Glee Star’s Hacked Twitter Fools Every Major Entertainment Site


Early Thursday afternoon, Glee star Chris Colfer broke the internet with this tweet (since deleted):

It quickly racked up thousands of retweets among his 2.43 million newly-devastated followers and spawned dozens of quick write-ups, complete with the requisite “This is a developing story” caveat on every major entertainment news website on the internet. The only problem was that shortly after Colfer posted that tweet, it was revealed by his manager that his verified Twitter account had been hacked.

First came the breaking news tweets:

That last one from The Wrap even linked to a (since-updated) headline that attributed the news to Fox:

While The Hollywood Reporter was among the entertainment sites that rushed to report the news from Colfer’s Twitter account, they were also the first site to discover what had really happened. At 1:31 p.m. ET, @THR tweeted an update to its story after speaking with Colfer’s management:

The updated article contained double confirmation that Colfer was not leaving the show:

Colfer’s manager tells THR that the star’s verified Twitter account has been hacked and that the actor will indeed be back for the final season of the Fox musical as he has a signed contract for season six. The actor’s publicist tells THR that Colfer is on a mid-Atlantic flight without WiFi access and not immediately available to update his Twitter account.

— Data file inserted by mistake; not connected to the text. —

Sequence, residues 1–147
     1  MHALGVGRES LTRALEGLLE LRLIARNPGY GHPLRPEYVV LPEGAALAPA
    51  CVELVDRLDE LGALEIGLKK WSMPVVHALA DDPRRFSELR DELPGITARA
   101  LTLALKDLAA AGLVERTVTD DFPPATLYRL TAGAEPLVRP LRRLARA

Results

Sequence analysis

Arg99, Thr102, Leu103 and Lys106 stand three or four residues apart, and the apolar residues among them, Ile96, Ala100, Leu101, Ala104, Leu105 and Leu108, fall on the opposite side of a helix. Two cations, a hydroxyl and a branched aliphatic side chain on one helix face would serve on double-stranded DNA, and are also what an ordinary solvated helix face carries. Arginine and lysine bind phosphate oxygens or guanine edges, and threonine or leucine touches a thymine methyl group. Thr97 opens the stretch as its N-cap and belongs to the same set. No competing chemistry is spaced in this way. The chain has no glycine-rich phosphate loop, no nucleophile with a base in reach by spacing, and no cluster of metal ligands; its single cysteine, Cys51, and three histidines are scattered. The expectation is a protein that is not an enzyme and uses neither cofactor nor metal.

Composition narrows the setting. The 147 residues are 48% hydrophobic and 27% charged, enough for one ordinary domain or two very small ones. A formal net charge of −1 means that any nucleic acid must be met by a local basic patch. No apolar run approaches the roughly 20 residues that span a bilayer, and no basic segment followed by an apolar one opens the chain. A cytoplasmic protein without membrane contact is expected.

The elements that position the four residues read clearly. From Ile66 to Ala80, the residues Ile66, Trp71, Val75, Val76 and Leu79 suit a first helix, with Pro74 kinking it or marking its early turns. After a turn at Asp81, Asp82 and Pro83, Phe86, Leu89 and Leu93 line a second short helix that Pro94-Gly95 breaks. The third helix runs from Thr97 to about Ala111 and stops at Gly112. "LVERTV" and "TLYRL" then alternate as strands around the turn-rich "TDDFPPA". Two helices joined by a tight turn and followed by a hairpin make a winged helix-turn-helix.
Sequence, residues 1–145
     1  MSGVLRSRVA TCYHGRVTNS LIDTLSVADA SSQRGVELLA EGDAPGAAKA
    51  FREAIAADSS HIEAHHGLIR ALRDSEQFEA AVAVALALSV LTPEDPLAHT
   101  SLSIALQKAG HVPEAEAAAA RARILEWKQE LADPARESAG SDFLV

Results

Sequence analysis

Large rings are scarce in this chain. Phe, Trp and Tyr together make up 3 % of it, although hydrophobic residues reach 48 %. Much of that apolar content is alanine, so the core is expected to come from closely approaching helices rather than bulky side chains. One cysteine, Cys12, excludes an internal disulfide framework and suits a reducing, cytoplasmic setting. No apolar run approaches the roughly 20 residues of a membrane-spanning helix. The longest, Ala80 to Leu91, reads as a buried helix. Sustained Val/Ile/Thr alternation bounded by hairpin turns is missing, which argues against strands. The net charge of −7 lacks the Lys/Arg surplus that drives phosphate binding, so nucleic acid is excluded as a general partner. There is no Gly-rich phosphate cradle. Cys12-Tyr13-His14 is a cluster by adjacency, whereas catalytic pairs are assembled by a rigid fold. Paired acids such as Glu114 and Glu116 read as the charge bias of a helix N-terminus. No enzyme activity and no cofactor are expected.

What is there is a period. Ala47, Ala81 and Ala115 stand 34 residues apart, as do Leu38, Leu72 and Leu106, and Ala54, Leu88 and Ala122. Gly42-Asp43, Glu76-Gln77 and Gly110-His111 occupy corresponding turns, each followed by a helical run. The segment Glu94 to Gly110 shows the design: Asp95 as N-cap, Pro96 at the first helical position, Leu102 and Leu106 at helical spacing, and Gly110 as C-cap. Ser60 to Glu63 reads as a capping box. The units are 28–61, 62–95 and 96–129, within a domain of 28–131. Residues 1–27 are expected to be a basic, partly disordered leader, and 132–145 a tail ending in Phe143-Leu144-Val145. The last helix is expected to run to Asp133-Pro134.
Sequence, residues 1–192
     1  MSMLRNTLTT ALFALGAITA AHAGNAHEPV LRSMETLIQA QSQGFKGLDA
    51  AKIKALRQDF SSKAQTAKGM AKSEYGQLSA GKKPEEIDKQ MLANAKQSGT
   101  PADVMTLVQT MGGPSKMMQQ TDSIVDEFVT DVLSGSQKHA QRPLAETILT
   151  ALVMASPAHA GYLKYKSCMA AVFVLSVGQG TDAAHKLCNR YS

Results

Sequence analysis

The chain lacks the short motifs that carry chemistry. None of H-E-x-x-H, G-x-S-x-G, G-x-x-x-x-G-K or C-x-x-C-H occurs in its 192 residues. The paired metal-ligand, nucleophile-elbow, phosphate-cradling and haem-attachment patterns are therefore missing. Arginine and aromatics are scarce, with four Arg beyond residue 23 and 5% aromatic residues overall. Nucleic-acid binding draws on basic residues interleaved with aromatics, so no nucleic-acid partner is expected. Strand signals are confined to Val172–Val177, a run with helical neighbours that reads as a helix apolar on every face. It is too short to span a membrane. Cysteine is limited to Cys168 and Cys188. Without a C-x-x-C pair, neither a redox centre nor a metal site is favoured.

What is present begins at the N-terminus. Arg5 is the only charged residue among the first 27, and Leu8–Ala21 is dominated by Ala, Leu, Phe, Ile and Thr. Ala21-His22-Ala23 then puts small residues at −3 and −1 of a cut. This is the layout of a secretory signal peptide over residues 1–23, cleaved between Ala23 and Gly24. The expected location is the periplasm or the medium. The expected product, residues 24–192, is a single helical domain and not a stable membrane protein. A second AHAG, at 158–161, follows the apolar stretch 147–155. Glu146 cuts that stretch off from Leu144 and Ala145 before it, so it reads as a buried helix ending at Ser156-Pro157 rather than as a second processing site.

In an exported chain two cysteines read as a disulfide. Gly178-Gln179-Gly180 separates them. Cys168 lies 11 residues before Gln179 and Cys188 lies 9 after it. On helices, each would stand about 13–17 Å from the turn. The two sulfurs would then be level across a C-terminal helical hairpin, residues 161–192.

Studio 20th Century Fox Television also just issued a statement confirming that Colfer will indeed be back for the final season. “We’ve been alerted that Chris Colfer’s Twitter account has been hacked. Rumors of his dismissal from Glee could not be further from the truth. We love Chris and look forward to working with him again this season.”

More than 30 minutes later, the various sites that reported the news of Colfer’s firing are still working to update their original posts with the correct information. Just as quickly as sites rushed to get the initial story up, they are now rushing to get the proper corrections added.

In the age of Twitter, reporters are quick to accept tweets from celebrities, politicians or anyone with a blue checkmark next to their name and a lot of followers as fact. Mediaite has been guilty of this in the past, and chances are we will be again at some point in the future. It doesn’t help that some people have used the “I was hacked” excuse in an attempt to save face.

But a case like this one with Colfer, which was a big deal to some and seriously inconsequential to many, provides a teachable moment for all web editors out there who want to be first on a story, or least not get left out in the cold. Just because someone appears to be saying something on Twitter, does not necessarily make it true.

[Photo via Wikimedia Commons]

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